California is poised to become the first state to outlaw the distribution of single-use plastic and paper bags from food retailers, a decision that will be instrumental in reducing waste and marine pollution in California. Assembly Bill 1998 (Brownley) passed on a 41-27 vote last Wednesday. The bill will move on for Senate approval in the coming weeks.
Currently, store operators are required by state law to provide on-site recycling containers for plastic carry-out bags. San Francisco has implemented a citywide ordinance outlawing disposable bags in all chain supermarkets and pharmacies. AB 1998 would take the restriction a step further by prohibiting the distribution of single-use plastic bags by all convenience stores, supermarkets and other specified stores beginning January of 2012. Retailers would be allowed to sell recycled paper bags made of at least 40 percent post consumer material for no less than $0.05 per bag.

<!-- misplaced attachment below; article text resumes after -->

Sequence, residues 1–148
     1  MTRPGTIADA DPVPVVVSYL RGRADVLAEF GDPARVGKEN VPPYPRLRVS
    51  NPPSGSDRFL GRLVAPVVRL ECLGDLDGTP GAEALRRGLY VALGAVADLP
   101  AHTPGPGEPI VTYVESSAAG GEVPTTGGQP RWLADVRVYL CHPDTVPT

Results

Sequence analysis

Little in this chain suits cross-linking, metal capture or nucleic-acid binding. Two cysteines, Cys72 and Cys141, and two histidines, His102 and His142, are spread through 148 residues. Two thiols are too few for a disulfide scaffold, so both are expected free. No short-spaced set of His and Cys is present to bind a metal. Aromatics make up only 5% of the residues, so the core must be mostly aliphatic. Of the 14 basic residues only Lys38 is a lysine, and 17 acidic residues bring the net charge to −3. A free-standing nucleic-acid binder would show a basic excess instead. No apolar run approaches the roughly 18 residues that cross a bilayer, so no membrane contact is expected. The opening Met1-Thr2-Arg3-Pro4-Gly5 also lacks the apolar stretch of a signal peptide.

The legislation encourages the use of reusable shopping bags as a waste reduction mechanism. Californians consume an estimated nineteen billion plastic bags per year, only five percent of which are recycled. Governor Schwarzenegger released a statement after the passage applauding the bill as a “great victory for our environment.”